Monday July 16, 2018

Talubut: Beginnings

CLARK'S Point-To-Point (P2P) bus service should succeed.

It is the only convenient, comfortable and fastest way between Ninoy Aquino International Airport (Naia) and Clark International Airport (airport code: CRK) aboard a public transport vehicle like what is currently being provided by Genesis Transport Service (Genesis).

I have personally tried this service going to Trinoma in Quezon City one Sunday afternoon. That particular bus I took ran on time like clockwork precision. Prior to taking it, I asked somebody from the Genesis’ office through text what time would the bus arrive at Clark’s Main Gate area (one of its four pick-up and drop-off points).

I was advised to be at said pick up point (at SM Clark’s flagpole area to be exact) at 1:40 p.m. And voila, it indeed arrived on the dot. That bus leaves the Clark airport area at 1:30 p.m. and has stops at Nayong Pilipino and DOTr offices near Berthaphil along the way. So, it took only 10 minutes in total for the bus to go thru its Clark route which I estimate to be in a 10-kilometer stretch.

The Clark-Trinoma ride took exactly one hour and twenty minutes. I supposed that if it were a weekday, it could have gotten a little longer, depending on the time of day.

For a brief moment there, the bus’ on time arrival made me feel like I was taking a bus in New York City where the arrival times of buses are posted on lampposts on waiting areas (or could be accessed on MTA’s website). But unlike the New York buses, Genesis had drivers and conductors who are polite and they donned smiles (at least in the ones I saw).

I hope for this bus service to succeed. It has a market that needs to be tapped. Some family and friends abroad have already asked me for details about it. Simply because they also find this to be beneficial.

A sibling of mine in California who plans to come home in January with his wife is already telling us not to bother picking them up at Naia when they arrive. He sounds serious enough to take the P2P bus to Clark where I could pick them up. A friend in the East Coast who travels home frequently plans to do the same. Some relatives in other places are also asking about details of pick up points, fares and other stops, manifesting great interests on the service.


Monday, October 9, will mark the first 100 days of Crisostomo Cunanan Garbo as mayor of Mabalacat City who took over the helm by virtue of the disqualification case that gave former mayor Marino Pineda Morales the boot.

What could be cited as his accomplishment so far?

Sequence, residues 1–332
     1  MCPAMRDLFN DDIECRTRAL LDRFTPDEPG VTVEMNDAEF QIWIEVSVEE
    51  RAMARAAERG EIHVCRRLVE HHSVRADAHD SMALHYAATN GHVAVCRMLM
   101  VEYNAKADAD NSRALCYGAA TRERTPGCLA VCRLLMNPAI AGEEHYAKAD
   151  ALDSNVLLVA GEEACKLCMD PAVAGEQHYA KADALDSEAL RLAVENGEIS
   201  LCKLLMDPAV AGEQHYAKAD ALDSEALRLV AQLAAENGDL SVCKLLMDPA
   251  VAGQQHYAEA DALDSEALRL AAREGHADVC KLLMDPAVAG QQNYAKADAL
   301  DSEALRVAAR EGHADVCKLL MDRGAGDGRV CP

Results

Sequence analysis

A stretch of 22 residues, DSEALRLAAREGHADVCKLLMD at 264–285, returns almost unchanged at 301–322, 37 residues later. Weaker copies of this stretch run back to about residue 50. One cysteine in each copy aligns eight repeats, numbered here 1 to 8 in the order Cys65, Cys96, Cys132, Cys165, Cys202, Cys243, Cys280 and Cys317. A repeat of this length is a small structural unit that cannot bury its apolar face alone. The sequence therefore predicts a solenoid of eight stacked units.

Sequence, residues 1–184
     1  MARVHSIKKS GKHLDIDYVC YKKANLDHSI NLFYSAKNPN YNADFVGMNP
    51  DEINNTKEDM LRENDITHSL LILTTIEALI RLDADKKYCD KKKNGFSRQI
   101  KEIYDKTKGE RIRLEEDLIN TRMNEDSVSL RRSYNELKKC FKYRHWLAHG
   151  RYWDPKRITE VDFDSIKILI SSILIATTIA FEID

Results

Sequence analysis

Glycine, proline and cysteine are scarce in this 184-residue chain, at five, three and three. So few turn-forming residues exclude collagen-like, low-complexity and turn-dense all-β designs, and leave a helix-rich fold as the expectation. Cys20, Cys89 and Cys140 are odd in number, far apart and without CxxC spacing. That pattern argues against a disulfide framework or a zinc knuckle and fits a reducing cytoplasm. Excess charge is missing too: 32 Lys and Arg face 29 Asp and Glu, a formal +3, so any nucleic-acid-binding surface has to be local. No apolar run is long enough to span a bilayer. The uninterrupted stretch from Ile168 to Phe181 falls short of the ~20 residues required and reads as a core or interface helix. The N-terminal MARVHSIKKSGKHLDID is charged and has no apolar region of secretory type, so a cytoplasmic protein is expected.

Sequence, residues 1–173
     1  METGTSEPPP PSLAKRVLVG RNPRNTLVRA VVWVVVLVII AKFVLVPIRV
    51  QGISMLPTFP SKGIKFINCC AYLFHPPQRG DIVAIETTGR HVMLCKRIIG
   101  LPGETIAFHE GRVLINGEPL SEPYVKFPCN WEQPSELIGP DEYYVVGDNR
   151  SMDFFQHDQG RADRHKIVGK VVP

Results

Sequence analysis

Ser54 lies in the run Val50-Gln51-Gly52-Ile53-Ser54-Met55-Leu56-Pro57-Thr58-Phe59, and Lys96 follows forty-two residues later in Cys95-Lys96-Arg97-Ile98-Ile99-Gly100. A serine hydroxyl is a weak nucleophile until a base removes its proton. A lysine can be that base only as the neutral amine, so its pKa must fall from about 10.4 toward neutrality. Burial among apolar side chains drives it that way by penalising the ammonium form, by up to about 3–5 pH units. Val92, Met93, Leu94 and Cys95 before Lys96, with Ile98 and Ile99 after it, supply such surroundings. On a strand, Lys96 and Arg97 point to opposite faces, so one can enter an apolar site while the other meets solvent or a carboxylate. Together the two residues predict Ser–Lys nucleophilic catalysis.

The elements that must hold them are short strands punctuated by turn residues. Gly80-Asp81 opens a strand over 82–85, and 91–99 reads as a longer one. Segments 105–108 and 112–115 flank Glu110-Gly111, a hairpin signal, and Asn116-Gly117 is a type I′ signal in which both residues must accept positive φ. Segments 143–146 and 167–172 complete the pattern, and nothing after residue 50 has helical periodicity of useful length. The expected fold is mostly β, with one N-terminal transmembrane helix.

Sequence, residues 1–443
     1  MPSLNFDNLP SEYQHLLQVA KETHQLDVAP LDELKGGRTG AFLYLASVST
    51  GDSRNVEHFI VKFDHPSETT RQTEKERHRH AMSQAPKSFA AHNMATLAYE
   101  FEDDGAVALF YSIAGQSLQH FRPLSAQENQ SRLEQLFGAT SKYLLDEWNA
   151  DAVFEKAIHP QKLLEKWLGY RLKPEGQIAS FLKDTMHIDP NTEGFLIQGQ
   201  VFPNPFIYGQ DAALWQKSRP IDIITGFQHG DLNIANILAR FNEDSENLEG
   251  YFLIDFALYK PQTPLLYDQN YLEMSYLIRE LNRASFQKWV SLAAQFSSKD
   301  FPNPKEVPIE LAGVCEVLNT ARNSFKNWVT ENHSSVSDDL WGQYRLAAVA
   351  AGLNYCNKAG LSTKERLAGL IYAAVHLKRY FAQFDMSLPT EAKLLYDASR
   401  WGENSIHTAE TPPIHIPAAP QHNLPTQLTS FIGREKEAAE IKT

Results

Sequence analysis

As one of the city’s quarter million residents, I could name two major things.

One is solving the traffic jam at the intersection of Macarthur Highway and Velasquez street at the Poblacion area. This is the bottleneck leading to NLEX and Clark’s Mabalacat Gate that was a huge headache for many many years. Something that now enables businessmen and residents to recover multimillion pesos that are wasted in traffic (for EDSA traffic, the estimate by JICA is P3 billion per day).

What solution did he apply? It was simple. Something that I have been writing and telling the local officials to do for so long now – truck ban during rush hours.

While I knew that Mayor Garbo was no rocket scientist like me, I did not know of his gutsy move that might have hurt the haulers of sand and quarry operators as a result of the ban. It took the will of a man who once told me of the plaints of barangay captains for writing about the passway fees they used to collect from these sand haulers.

A major contributor of traffic in the area (and also in Porac-Angeles road where a truck ban has ben in effect for years now) are these sand haulers, especially those that has long payloads.

Another major accomplishment, which should make Balaquenos happy, is the institutionalized health program and medical benefits.

There is now this so-called Central Pharmacy which dispenses medicines to needy persons and indigent residents. On top of the P15 million funds for medicines, the Garbo administration has also allotted additional P25 million for hospitalization and burial benefits.

Gone are the days when the city’s residents would go to the Provincial Capitol, braved the sun and rain and queue up for medical assistance being given by Governor Pineda. Gone are the days when residents would peddle medical prescriptions from one office to another just to be able to get relief from their illnesses. Gone are the days for begging and seeking alms for medical attention.

Take a bow Mayor Garbo.